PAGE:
The word plagiarism should invoke terror into the heart of everyone who ever wrote a college or university paper.
But even if you have never written an academic paper in your life, and you think that all your work is entirely your own, I recommend you consider the possibility that you might very well be falling into the plagiarism trap unless you take a closer look. And make no mistake, plagiarism comes at a very steep price―both in terms of your reputation as a writer and financially if someone sues you.
I spent twenty-six years of my career teaching (and writing and researching) as a university professor. My department was communication studies, and I taught corporate communications ethics and strategy to both undergraduate students and our Masters-level students. Of course, after a career of writing and teaching about ethics, the concept of plagiarism is even more important to me.
When I was a university professor, I had a long section on every course syllabus warning students of the perils of even the slightest whiff of plagiarism. And if you think professors (and readers) will never find out, you are so wrong.
Once, while reading a student assignment (a feature story), I noticed that the story didn’t sound quite the same after the lead paragraph. I copied and pasted a section of the paper into a search engine, and lo and behold. The piece appeared on not one but numerous sites. Then I looked at parts of the story further on. Sure enough, copied and pasted into the story by a lazy, dishonest student. But it’s not just a student problem.
In recent years, finding evidence of plagiarism in the work of public figures has become something of a cottage industry. Remember when Melania Trump’s speechwriter plagiarized a speech from Michele Obama in 2016?
In her speech, she said the following: “From a young age, my parents impressed on me the values that you work hard for what you want in life, that your word is your bond and you do what you say and keep your promise, that you treat people with respect.” Eight years earlier, Michele Obama made a speech during which she said the following: “Barack and I were raised with so many of the same values: that you work hard for what you want in life; that your word is your bond and you do what you say you’re going to do; that you treat people with dignity and respect, even if you don’t know them, and even if you don’t agree with them.” There is no argument here for this being anything but a case of plagiarism (later, the speechwriter admitted she had consulted Obama’s speech because Trump had admired it.)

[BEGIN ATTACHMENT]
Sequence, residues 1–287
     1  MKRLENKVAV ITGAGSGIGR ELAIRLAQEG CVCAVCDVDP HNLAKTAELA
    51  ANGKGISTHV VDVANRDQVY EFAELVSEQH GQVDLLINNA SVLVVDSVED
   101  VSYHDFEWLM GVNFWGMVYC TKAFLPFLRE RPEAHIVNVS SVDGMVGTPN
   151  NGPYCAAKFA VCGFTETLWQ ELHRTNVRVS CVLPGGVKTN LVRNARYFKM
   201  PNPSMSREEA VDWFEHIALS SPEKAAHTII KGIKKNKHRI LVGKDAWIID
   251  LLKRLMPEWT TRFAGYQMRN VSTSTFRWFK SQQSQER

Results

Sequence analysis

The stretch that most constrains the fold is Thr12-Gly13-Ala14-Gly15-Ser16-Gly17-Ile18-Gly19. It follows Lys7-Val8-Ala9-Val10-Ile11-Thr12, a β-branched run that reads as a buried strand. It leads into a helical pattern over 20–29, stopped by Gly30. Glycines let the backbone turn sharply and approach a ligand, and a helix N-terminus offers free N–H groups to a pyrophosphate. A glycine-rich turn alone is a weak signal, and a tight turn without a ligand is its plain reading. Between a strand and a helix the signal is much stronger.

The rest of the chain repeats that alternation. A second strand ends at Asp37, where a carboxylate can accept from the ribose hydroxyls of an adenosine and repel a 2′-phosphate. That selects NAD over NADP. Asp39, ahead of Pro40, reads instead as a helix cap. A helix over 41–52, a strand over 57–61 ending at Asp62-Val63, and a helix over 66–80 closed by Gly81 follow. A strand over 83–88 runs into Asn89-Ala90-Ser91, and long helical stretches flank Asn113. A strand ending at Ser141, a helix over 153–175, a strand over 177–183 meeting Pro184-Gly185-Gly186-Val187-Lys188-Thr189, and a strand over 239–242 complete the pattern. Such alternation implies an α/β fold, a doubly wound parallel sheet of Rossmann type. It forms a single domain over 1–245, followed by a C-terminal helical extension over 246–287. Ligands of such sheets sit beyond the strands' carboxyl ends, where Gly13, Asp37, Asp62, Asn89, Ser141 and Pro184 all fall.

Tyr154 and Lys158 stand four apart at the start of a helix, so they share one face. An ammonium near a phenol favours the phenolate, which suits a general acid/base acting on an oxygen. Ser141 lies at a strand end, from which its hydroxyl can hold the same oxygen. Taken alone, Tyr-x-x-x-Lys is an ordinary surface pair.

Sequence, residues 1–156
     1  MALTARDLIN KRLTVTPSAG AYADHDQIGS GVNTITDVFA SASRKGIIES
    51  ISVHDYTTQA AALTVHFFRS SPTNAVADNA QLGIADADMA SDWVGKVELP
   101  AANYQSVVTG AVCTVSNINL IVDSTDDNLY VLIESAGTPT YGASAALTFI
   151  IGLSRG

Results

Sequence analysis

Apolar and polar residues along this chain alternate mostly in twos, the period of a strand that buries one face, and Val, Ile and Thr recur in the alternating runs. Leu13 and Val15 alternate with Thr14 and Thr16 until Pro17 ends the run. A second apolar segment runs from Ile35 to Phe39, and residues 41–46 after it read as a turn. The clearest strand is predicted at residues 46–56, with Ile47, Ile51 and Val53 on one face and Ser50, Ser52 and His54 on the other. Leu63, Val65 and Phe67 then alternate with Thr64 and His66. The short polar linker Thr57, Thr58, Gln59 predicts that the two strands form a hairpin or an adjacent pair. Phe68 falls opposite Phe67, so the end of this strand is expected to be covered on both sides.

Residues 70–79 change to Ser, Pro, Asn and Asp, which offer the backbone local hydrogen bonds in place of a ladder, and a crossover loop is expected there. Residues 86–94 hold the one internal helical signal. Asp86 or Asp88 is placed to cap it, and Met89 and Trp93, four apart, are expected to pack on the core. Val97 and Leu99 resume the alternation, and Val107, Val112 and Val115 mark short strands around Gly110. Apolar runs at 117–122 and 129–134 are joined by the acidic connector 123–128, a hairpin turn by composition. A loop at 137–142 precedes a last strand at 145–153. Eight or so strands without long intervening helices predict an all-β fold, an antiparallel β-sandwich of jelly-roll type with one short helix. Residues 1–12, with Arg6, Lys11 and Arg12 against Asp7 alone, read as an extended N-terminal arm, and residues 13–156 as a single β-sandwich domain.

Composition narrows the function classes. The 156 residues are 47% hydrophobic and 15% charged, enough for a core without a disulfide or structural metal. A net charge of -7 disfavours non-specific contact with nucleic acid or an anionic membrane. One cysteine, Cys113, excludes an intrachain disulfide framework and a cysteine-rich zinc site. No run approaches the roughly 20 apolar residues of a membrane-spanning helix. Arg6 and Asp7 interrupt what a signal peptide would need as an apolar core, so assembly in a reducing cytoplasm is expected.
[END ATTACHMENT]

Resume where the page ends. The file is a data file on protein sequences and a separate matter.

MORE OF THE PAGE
And there have been many more high-profile cases through the years. Even J.R.R Tolkien and J.K. Rowling have been named in plagiarism cases for similarities to others’ work. No one is immune.
So, no matter what you write, you could be plagiarizing―sometimes even inadvertently. However, motive doesn’t matter: you won’t like the ending if you plagiarize.
There are, however, a few steps you can take to avoid this plague.
First, be sure you understand exactly what the term “plagiarism” means. Here’s a dictionary definition to begin:
“…closely imitating the language and thoughts of another author without authorization and the representation of that author’s work as one’s own, as by not crediting the original author…”
(from dictionary.com lest you think I’m plagiarizing!)
Here’s how I define plagiarism:
…using someone else’s work (ideas or words) and using them as if they were your own…
Once you understand this, you can start to analyze your own work and determine how much of the ideas you’ve accumulated throughout your research are your own and how much are others and should be credited.
Next, be sure to keep a record of every source you consult. This means keeping a record of every article you read concerning your writing, every website and the information you glean from each one. You can then go back to check that you have credited outside sources accurately.
The third step you can take is to focus on your own unique ideas. Of course, many of our thoughts and ideas result from all we’ve been exposed to throughout our lives. This is all part of being a living, breathing human being. You must begin to figure out what aspects of your ideas and thoughts are your own, though, and which of them is essentially nothing more than a paraphrase of someone else’s ideas. You have your own ideas. Focus on that.
Next, don’t mistake paraphrasing (putting someone else’s unique idea, not your own words) for avoiding plagiarism. Even paraphrasing an idea that belongs to someone else can be considered plagiarism. And if you want to quote someone else, by all means, do it. Just make sure you give the source credit. (And be sure to quote them accurately.)
For example, I used quotes at the beginning of each chapter in my most recent book, and each quote is credited to the source.
Finally, be careful of self-plagiarism because it’s a real thing. Dr. Ben Mudrak, writing in American Journal Experts Scholar, defines self-plagiarism this way:
“…any attempt to take any of your own previously published text, papers, or research results and make it appear brand new…”
In other words, if you’re sending a book manuscript to a publisher, or an article to a magazine, the editor has a right to expect that the work is new, never before published. It might be in the same topic area that you’ve published before, but the approach should be fresh, the ideas new.
Just be sure that nothing turns up if someone took a piece of your work and popped it into a search engine.